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Tea and Cancer
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Health Notice

In recent years, the research on how tea may benefit cancer patients has been intensively studied because tea catechins are potent antioxidants. For example, a growing body of tea research using mice and vitro approaches has shown promising results that tea catechins (a key element in tea flavonoids) may act against cancers via inhibition of cancer development and elimination of cancer cells [1,2].

 

Many researchers worldwide have been studying for associations between tea drinkers and risks of breast, lung, prostate, gastric, and other cancers. Despite the promising results of animal and vitro studies, human studies about tea provide some data for its preventative effect on prostate and breast cancers, but it has not yet proven sufficient for preventing other cancers [3].  Below is the information from recent tea research conducted to investigate prostate and breast cancer.

 

Tea and Prostate cancer

Tea and Prostate CancerResearchers from the School of Medicine at the University of Wisconsin in Madison initiated a program to study the chemopreventive effect in green tea. Based on their animal models and several clinic trials, they suggest that green tea may have a distinct role as a chemopreventive agent against prostate cancer [4].

 

Similar results were found in humans by researchers from the University of Parma in Italy [5]. High-grade prostate intraepithelial neoplasia (PIN) is likely to precede the development of prostate cancer. These researchers followed 200 individuals with high-grade prostate intraepithelial neoplasia (PIN) to determine their risks of prostate cancer. One group received green tea catechins daily, while the other group received a placebo. After one year, only 3% of the patients in the green tea catechin treatment group developed prostate cancer, whereas the rate of cancer development in the placebo group was 30%. No adverse effects were associated with the treatment.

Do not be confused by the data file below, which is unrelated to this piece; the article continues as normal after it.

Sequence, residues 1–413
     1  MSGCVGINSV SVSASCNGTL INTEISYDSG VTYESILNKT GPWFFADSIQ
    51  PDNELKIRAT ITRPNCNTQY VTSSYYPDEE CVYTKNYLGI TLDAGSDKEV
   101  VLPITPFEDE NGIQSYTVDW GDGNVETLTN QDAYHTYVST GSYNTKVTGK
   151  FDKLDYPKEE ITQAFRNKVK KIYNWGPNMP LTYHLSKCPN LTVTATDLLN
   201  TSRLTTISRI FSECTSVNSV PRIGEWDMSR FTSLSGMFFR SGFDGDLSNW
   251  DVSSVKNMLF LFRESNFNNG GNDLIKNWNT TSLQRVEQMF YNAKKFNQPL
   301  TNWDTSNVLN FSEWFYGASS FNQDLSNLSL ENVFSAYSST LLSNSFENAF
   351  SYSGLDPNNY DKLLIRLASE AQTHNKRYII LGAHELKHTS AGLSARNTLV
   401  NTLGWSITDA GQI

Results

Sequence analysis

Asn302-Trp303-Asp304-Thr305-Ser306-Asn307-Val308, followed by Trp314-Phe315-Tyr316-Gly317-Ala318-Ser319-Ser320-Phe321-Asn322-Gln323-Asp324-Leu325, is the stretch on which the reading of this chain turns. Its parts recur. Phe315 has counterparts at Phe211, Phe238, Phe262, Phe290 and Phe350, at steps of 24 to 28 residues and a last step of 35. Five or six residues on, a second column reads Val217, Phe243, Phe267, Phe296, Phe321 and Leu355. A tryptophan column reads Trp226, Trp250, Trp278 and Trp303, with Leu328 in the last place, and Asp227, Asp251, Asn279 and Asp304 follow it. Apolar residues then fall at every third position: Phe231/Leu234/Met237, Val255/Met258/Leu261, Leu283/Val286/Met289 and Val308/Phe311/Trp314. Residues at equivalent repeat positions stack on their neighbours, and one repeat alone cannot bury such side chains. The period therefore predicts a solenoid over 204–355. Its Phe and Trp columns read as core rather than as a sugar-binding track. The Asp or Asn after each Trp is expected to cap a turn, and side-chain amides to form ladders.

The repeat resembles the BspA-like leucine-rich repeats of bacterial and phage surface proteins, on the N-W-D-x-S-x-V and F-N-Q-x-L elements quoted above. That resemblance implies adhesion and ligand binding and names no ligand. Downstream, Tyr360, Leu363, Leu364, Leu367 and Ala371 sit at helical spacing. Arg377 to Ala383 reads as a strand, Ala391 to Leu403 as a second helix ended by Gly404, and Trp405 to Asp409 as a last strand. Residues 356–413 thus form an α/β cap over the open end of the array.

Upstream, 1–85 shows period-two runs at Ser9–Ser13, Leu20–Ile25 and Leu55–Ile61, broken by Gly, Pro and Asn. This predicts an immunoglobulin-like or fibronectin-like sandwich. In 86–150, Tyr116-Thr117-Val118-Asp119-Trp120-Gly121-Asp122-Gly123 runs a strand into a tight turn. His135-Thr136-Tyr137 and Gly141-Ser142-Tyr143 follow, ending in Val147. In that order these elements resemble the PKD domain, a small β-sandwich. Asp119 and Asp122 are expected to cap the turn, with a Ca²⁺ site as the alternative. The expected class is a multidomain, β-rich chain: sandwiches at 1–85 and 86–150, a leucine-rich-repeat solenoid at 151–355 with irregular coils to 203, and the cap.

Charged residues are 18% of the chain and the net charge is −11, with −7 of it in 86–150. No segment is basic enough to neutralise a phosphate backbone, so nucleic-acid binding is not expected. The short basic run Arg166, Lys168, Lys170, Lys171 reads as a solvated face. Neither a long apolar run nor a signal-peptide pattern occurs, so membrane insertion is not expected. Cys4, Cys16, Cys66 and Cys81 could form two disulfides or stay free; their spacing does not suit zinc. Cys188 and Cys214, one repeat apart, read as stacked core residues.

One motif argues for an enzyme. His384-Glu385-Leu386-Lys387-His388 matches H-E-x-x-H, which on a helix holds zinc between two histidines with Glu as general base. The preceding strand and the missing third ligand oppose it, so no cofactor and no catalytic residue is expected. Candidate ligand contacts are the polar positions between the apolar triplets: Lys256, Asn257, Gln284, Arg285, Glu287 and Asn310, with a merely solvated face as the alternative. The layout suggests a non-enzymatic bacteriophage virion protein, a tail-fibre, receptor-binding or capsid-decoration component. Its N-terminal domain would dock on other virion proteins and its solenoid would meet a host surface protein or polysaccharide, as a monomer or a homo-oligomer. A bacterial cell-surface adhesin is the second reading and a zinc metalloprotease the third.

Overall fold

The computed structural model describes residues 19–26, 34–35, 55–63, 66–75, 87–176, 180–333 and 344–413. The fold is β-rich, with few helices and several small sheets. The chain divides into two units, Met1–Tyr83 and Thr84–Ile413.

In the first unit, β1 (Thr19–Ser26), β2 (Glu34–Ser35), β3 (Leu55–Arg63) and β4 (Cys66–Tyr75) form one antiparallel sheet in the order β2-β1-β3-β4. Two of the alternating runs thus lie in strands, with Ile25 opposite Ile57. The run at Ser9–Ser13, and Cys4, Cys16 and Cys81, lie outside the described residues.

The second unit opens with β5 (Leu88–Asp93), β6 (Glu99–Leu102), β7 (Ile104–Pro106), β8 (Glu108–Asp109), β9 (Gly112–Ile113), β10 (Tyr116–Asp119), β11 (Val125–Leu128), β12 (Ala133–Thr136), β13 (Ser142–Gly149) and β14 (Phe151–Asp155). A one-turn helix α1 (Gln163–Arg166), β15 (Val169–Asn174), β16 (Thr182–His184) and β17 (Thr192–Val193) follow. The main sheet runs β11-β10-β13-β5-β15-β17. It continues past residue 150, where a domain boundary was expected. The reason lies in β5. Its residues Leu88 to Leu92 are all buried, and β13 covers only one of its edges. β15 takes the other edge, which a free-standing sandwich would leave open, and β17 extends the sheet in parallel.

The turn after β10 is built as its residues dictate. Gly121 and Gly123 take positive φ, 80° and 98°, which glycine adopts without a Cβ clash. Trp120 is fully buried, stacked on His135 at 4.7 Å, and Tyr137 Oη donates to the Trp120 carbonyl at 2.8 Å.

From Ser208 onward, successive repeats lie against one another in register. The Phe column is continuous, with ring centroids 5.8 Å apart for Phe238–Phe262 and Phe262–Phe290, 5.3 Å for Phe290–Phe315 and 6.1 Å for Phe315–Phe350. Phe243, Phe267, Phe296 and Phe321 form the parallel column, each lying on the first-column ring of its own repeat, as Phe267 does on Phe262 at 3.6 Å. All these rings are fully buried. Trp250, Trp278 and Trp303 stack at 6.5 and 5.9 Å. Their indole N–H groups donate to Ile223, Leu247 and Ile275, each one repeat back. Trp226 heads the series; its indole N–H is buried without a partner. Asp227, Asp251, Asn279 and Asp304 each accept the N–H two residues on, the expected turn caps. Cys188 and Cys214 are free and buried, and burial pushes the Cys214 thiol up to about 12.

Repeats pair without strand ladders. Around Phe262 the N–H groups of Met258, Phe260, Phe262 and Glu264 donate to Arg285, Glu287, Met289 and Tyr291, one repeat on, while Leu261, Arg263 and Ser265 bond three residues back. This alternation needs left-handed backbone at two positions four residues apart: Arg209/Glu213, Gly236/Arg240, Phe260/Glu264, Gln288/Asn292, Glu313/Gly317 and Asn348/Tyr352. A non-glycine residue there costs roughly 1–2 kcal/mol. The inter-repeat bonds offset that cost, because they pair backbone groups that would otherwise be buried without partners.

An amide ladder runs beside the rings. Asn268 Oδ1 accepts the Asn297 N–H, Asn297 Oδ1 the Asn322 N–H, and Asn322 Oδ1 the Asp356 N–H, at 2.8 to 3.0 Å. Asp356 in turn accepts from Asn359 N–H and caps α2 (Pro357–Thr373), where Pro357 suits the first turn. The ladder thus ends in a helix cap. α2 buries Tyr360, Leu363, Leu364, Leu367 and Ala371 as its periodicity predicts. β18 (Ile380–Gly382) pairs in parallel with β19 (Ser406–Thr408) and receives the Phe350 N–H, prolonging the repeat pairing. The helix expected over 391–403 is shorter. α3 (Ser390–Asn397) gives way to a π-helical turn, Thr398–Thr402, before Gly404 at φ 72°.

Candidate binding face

In 1990 and 1993, a group of Japanese researchers at the National Cancer Center in Tokyo recruited 49,920 men aged 40-69 years who reported their green tea consumption habit as baseline. These subjects were followed until the end of 2004. During this time, 404 men were newly diagnosed with prostate cancer. They found that the relative risk was significantly lower for men drinking five or more cups per day in comparison with those who consumed less than one cup per day. These results suggest that green tea may be associated with a decreased risk of advanced prostate cancer [6].

 

Researchers in China and Austria also found similar results in 2007 [7]. They recruited 130 prostate cancer patients and 274 patients without prostate cancer from eight hospitals in 2001 and 2002. These patients were over 45 years old and reported their information on tea and dietary intake in a structured questionnaire. The data showed that prostate cancer risk was significantly reduced with increased consumption of green tea. This study suggests that habitual tea drinking could lead to a reduced risk of prostate cancer in Chinese men.

 

Tea and Breast Cancer

Tea and Breast CancerFrom 1995 until1998, several researchers at the University of Southern California examined green tea and the risk of breast cancer in Asian Americans, including Chinese, Japanese, and Filipino women in Los Angeles [8]. They recruited 501 breast cancer patients and 594 participants without breast cancer. All subjects were interviewed and reported information about menstrual and reproductive facts, dietary habits (including tea consumption), and lifestyles.  After adjusting other factors, the results showed that green tea drinkers (more than 86 ml/day, about 3 oz.) had a significantly reduced risk of breast cancer, compared to non-drinkers. The study suggests the potential role of green tea intake in relation to breast cancer risk in Asian-American women.